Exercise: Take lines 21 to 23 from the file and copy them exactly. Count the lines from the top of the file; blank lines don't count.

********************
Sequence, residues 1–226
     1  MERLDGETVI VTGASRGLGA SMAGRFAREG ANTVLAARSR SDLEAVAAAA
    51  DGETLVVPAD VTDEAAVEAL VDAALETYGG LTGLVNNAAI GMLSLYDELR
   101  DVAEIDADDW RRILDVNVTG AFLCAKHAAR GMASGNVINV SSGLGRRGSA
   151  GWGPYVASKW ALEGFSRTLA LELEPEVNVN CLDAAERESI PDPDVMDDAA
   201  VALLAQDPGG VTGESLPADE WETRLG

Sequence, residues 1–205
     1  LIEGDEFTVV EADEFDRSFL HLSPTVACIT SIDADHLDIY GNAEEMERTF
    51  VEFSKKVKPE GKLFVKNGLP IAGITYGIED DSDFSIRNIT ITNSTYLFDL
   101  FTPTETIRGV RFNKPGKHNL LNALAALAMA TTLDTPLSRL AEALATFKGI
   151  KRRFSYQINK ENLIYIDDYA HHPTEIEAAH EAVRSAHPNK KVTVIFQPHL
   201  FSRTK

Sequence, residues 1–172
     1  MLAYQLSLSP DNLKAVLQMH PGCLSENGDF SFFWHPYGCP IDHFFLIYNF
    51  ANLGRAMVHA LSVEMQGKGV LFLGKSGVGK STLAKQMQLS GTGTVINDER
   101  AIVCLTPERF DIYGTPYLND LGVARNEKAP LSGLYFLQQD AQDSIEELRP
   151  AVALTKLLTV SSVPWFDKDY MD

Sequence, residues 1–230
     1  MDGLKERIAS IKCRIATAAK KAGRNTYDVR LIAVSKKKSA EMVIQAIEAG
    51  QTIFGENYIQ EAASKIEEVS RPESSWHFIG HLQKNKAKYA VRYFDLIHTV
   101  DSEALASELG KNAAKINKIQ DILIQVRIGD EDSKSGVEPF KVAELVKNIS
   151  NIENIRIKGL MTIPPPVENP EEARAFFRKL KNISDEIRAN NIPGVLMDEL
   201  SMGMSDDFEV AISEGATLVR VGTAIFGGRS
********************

   101  DSEALASELG KNAAKINKIQ DILIQVRIGD EDSKSGVEPF KVAELVKNIS
   151  NIENIRIKGL MTIPPPVENP EEARAFFRKL KNISDEIRAN NIPGVLMDEL
   201  SMGMSDDFEV AISEGATLVR VGTAIFGGRS